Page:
Writer: Pat Fielder and Arthur Browne, Jr.
Director: Don Medford
Original Air Date 05/17/1960
Chuck Connors as Lucas McCain
Johnny Crawford as Mark McCain
Paul Fix as Marshal Micah Torrance
Claude Akins was an American actor of stage, film and television. He appeared in over 100 movies and 180 television shows in a career spanning more than 40 years. He served in the US Army Signal Corps during World War II and was stationed in Burma and the Philippines. Prior to his military service, Akins attended Northwestern University where he studied theater and upon returning home from his last deployment, he rekindled his interest in art and drama, appearing in his first film role in "From Here to Eternity" (1953). Akins was broad-shouldered and barrel-chested, with a deep baritone voice and dark wavy hair. Gregarious, likeable and friendly, he was never short of work. He was equally adept at playing sneering cowardly villains and portraying hard-nosed cops. Akins is best remembered for his television role as Sheriff Lobo in the 1970's series "B.J. and the Bear" and later a spin-off series, "The Misadventures of Sheriff Lobo."
He quickly began notching up roles in TV shows, including "Dragnet," "My Friend Flicka" and "Zane Grey Theatre." He also turned in several strong cinematic performances, playing Mack in the excellent "The Defiant Ones" (1958), gunfighter Joe Burdette in the landmark western "Rio Bravo" (1959), Sgt. Kolwicz in "Merrill's Marauders" (1962) and Earl Sylvester in the gripping "The Killers" (1964). In the early 1970's Akins appeared in several supernatural TV films, playing "no-nonsense" sheriffs in both "The Night Stalker" and "The Norliss Tapes." He was virtually unrecognizable underneath his simian make-up as war-mongering General Aldo in "Battle for the Planet of the Apes" (1973). Akins continued staring in films and television until the time of his death from cancer in 1994.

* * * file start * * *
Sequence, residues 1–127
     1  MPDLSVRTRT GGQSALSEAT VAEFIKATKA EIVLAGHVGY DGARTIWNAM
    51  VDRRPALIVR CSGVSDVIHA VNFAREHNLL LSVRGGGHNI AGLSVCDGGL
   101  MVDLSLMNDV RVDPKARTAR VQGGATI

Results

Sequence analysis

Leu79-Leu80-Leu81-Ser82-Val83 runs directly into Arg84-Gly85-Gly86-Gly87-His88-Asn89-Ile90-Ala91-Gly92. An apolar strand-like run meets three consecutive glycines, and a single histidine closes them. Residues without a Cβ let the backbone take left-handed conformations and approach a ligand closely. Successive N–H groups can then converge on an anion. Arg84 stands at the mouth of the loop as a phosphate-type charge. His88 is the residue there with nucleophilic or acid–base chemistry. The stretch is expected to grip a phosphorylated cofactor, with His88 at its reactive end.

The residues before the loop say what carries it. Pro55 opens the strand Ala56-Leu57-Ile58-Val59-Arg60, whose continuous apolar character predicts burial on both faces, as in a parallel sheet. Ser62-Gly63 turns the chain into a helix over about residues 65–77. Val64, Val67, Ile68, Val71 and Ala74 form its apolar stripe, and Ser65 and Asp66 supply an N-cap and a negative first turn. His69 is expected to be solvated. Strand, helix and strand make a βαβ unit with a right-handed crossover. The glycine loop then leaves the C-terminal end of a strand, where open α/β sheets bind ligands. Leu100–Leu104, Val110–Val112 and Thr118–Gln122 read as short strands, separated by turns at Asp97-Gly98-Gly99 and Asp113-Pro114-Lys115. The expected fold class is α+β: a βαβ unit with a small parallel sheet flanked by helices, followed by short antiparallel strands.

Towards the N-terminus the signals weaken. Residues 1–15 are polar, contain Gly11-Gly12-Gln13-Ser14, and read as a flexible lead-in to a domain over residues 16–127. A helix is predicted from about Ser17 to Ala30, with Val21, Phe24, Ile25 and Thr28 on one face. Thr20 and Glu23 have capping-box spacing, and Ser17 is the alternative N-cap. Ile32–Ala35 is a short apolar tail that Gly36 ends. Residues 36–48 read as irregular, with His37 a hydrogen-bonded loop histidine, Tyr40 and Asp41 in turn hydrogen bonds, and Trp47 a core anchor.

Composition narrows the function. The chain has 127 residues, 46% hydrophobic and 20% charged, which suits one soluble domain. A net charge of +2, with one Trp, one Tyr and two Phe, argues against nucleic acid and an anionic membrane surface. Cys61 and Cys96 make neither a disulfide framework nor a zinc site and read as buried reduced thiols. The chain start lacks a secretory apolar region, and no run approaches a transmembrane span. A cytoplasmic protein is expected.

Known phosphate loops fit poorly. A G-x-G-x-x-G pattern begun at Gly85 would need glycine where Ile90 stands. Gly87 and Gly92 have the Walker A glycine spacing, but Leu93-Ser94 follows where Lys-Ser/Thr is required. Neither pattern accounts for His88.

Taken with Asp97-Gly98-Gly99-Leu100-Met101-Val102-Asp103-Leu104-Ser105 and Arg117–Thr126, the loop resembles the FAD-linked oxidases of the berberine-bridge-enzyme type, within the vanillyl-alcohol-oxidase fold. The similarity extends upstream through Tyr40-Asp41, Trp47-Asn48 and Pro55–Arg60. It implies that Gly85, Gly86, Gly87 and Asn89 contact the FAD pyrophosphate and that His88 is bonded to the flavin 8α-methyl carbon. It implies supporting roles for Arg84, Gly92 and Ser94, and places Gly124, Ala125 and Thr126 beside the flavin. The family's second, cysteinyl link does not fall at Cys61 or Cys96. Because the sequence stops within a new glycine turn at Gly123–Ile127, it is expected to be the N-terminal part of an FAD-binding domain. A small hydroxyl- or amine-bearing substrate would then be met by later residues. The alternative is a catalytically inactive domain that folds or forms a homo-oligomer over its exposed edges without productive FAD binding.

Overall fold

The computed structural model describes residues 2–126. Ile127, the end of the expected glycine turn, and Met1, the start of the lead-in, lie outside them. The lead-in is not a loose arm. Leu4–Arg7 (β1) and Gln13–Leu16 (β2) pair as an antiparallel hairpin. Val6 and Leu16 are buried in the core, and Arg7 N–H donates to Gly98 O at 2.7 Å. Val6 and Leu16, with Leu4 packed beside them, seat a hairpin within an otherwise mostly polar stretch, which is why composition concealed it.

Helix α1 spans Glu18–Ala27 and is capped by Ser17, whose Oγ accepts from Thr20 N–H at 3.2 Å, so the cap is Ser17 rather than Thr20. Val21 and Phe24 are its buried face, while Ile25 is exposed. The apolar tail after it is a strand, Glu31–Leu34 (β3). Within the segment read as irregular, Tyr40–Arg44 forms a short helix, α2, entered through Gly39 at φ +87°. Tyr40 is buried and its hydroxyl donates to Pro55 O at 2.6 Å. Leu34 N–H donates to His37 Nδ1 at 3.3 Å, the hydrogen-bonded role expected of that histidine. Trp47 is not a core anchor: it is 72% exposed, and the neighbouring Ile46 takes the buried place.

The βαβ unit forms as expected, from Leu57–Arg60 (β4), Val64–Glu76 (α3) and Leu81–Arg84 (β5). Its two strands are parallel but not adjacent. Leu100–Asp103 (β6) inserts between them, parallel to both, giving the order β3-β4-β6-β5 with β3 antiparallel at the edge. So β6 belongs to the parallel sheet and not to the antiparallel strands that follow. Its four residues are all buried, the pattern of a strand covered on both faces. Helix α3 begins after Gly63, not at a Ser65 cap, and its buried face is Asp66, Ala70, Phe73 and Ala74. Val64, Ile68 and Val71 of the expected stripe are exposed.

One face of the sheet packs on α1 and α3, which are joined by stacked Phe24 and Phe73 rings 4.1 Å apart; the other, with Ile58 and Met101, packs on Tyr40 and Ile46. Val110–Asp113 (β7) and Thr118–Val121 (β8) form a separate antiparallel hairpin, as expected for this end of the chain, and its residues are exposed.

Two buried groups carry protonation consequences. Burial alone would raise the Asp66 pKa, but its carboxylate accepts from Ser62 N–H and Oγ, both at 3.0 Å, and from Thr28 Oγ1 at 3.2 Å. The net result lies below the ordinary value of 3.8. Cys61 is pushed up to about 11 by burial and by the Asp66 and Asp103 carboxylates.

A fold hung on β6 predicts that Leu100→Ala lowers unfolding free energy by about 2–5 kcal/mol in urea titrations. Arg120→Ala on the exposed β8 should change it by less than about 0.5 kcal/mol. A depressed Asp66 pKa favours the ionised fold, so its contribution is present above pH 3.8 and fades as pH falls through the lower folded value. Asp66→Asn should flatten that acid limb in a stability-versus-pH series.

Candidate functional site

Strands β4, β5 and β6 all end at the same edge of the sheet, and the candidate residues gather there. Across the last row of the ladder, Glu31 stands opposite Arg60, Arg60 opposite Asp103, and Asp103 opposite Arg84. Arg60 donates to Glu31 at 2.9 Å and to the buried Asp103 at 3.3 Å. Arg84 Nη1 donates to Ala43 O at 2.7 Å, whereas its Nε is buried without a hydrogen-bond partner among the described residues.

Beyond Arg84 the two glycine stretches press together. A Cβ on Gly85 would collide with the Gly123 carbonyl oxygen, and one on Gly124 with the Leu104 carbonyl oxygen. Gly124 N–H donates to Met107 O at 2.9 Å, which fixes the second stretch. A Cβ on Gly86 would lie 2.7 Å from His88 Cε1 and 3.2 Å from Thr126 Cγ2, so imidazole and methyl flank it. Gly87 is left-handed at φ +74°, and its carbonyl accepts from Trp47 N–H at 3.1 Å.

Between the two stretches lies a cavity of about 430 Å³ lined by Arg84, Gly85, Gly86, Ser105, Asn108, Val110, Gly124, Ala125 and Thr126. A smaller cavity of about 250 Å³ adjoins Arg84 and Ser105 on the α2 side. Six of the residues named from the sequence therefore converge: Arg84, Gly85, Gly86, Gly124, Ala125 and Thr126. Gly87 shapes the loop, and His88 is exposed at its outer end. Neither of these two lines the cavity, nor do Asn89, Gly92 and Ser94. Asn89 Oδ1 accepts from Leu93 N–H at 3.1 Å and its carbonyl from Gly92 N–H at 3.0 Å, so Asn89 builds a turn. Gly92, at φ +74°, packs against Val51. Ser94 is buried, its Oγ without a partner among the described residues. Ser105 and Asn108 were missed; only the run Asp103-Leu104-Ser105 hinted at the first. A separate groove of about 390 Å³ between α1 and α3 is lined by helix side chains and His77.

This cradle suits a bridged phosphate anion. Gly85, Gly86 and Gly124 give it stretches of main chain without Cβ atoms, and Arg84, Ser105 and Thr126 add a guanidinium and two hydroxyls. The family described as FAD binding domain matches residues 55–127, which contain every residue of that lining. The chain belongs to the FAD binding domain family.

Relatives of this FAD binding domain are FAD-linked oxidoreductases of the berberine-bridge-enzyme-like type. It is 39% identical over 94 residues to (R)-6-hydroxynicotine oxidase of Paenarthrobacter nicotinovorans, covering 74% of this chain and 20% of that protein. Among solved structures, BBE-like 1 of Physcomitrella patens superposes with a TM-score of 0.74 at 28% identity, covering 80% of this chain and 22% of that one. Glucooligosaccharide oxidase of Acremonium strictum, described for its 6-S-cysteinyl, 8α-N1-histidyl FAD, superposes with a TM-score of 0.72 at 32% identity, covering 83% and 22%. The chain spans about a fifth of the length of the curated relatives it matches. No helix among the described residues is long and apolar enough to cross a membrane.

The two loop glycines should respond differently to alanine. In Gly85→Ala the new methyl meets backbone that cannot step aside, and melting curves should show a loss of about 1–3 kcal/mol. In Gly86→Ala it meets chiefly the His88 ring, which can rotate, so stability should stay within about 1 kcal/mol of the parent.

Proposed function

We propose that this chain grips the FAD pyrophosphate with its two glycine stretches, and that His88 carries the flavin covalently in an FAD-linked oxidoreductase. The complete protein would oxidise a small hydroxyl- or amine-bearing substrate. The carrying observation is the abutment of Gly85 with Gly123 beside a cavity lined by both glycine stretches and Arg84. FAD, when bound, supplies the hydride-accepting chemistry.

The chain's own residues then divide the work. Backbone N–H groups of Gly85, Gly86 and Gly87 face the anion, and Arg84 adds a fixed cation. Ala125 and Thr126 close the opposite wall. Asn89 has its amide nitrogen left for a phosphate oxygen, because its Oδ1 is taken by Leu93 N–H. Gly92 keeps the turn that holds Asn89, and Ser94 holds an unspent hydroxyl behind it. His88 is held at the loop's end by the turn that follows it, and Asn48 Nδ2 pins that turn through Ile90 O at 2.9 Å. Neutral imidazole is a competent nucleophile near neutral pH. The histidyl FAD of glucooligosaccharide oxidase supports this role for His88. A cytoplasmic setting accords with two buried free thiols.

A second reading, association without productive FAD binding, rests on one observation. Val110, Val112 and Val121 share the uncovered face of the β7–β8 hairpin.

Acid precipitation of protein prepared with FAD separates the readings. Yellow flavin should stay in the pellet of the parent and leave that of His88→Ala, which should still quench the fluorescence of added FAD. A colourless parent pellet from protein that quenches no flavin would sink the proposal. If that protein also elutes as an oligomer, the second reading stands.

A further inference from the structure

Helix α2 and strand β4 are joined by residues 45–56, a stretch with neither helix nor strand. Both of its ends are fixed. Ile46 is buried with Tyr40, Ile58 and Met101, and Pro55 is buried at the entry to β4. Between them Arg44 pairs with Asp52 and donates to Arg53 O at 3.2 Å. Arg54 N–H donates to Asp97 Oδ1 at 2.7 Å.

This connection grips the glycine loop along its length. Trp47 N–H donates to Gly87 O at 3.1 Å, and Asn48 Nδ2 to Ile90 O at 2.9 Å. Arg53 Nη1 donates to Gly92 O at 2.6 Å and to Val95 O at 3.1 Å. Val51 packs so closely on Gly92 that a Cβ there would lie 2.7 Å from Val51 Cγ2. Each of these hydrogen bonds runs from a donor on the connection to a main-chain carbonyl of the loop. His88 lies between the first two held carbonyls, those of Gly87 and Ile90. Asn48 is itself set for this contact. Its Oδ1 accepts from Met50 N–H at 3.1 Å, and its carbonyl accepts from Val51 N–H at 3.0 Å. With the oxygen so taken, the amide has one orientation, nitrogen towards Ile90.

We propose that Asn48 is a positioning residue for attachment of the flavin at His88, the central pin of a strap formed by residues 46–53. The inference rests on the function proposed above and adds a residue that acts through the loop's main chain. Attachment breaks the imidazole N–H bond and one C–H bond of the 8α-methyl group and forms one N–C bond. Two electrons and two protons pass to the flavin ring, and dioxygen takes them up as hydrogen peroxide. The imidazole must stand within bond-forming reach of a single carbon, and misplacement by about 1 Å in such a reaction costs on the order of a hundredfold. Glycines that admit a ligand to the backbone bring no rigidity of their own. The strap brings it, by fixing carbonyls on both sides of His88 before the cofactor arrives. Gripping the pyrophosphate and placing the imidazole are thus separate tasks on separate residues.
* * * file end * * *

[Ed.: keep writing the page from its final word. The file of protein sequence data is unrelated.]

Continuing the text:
Akins appeared in many classic western series, including "The Big Valley," "Gunsmoke," "The Virginian" and "Rawhide." He also appeared in three episodes of THE RIFLEMAN, playing Floyd Doniger in "The Safe Guard" (episode 8), Tom Benton in "Meeting at Midnight" (episode 74) and Bletch Droshek in "Strange Town" (episode 81).
Chris Alcaide made ten appearances in THE RIFLEMAN, portraying different characters in each episode. He is best known for his roles in westerns, having appeared in over 400 television western programs. Alcaide, a veteran character actor of great range and talent appeared in a wide variety of projects, including "The Glass Menagerie," "The Wild One" with Marlon Brando, "Assassination" with Charles Bronson and "Kid Galahad" with Elvis Presley. Other movie credits include "The Miami Story," "Gunslinger," "Miami Expose," "The 49th Man," "Massacre Canyon" and "Rock All Night."